An English Summer, Chanel Irvine, book review: ‘Photos laced with nostalgic detail’

Many of the photographs were taken on the south coast. Photograph: Chanel Irvine

If summer in these parts is often more idea than reality, there is nevertheless a deeply-rooted cultural conception of estival ritual.

Chanel Irvine’s collection of hazy pastel photos in An English Summer explores this understanding through the repetition of a clutch of core elements: beach, ice cream, children, and folding chairs prominent among them.

Hailing herself from South Africa and Australia, Irvine sees in our summers a lyrical and faintly elegiac quality that is perhaps fitting in the post-Brexit era.

‘Beach, ice cream, children’: The images contain a ‘clutch of core elements’. Photograph: Chanel Irvine

Her images – shot between 2019 and 2021, mainly on the south coast between Kent and Cornwall – are laced with nostalgic detail: a 1970s campervan, buns on a trestle table, the faded signs of a low-tech funfair, a row of beach huts.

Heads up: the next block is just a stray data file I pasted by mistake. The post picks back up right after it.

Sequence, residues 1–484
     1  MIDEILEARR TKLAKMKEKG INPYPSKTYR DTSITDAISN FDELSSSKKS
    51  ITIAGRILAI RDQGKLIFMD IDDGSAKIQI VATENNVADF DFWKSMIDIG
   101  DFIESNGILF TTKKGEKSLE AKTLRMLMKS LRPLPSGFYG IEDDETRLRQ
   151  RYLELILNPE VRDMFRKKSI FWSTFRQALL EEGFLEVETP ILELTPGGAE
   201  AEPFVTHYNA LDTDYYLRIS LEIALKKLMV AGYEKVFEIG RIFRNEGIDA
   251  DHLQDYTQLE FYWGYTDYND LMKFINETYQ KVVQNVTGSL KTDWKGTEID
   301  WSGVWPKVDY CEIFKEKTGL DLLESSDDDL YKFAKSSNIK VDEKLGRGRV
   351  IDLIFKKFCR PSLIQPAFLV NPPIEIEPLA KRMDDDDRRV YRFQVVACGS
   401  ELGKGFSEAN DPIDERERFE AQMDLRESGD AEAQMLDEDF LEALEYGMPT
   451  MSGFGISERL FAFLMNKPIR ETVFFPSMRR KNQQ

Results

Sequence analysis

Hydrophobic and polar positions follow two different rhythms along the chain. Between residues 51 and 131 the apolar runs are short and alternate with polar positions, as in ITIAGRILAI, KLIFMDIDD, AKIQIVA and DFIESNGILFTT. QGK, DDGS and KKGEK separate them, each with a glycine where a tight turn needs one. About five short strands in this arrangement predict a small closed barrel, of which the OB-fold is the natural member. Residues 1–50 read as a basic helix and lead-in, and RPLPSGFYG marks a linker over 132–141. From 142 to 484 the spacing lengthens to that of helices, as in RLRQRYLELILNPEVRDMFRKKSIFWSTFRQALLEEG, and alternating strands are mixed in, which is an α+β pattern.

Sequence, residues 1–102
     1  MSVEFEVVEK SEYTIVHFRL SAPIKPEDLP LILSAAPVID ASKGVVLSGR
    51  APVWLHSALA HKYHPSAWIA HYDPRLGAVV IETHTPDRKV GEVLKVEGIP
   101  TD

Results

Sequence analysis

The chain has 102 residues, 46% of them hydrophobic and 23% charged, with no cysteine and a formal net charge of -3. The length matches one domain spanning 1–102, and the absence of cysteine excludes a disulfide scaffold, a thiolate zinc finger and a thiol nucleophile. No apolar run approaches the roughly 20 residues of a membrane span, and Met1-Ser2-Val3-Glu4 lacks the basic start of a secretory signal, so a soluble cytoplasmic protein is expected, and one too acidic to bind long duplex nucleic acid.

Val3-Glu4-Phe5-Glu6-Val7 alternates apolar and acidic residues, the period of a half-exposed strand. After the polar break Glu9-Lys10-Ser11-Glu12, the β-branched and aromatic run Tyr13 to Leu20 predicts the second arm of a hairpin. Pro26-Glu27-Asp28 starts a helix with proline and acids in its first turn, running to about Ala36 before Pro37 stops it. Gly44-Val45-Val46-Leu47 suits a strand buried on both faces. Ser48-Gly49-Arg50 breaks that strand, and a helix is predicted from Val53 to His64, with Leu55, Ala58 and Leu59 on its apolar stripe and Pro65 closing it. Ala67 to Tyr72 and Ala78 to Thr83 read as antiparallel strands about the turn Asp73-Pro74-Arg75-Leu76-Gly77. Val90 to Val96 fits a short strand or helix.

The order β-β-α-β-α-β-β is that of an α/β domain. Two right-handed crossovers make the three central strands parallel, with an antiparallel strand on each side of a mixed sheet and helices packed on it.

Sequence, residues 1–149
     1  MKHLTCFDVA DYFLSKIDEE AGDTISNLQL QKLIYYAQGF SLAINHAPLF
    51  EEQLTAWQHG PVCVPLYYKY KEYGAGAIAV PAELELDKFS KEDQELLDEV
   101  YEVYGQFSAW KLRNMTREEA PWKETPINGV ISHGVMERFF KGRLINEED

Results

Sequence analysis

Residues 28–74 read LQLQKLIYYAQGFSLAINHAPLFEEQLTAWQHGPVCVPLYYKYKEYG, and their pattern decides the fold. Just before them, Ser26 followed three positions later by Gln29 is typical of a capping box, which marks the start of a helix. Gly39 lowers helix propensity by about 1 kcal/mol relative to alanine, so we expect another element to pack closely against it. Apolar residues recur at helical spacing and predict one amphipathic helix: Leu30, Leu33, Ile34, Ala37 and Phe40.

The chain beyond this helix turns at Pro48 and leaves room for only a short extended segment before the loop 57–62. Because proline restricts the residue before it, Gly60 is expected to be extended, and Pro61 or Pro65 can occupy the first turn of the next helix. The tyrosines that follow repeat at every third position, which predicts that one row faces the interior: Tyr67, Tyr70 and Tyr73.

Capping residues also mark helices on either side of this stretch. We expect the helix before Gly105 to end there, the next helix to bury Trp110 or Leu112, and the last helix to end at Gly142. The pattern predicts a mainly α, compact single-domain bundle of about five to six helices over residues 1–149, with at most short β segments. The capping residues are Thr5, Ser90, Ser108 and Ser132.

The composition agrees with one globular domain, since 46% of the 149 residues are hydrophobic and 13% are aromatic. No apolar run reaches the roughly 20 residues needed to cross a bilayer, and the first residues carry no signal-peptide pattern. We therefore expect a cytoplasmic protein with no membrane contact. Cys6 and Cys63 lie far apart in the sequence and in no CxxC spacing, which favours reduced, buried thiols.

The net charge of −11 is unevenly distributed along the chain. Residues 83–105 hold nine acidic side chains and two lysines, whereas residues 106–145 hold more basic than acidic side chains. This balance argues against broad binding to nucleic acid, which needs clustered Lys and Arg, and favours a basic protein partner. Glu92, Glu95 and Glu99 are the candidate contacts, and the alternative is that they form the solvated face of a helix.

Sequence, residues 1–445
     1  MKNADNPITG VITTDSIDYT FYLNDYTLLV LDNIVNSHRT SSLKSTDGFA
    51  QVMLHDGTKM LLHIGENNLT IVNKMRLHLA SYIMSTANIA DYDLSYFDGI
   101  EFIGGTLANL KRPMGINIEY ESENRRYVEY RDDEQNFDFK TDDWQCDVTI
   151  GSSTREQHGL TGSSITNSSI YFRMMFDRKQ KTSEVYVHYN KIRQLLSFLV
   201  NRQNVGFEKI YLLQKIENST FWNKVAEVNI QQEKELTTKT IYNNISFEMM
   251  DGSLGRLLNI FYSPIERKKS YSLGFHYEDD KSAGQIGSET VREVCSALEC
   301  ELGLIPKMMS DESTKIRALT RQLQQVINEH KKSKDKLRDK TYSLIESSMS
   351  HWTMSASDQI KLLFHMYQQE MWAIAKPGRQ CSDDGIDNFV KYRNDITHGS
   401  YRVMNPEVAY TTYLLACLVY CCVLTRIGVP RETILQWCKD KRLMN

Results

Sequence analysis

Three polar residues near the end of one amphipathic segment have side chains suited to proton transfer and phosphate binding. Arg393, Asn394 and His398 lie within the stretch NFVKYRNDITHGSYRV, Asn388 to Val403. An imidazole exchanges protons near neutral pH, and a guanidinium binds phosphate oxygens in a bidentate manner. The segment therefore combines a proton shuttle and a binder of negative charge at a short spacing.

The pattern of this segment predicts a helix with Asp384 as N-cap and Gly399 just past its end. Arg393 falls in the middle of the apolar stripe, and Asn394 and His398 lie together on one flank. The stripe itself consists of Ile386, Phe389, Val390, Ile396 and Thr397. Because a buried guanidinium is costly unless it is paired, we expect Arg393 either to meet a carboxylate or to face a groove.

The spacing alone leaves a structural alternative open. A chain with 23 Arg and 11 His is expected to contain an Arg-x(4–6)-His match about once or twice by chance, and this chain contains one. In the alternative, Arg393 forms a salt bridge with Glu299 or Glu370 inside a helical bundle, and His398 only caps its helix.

At the same time, the cast is multicultural, acting out the season in a wide array of tattoos, hairstyles and clothing.

For what the British Isles lack in heat they compensate with a stolid determination to make the most of those fleeting few weeks when you just might venture forth sans cardigan.

If this is not always how summer turns out, it is certainly the way a lot of us would like to think of it.

An English Summer cover. Image: courtesy Hoxton Mini Press

An English Summer by Chanel Irvine is published by Hoxton Mini Press, ISBN: 978-1-914314-22-3; RRP: £30.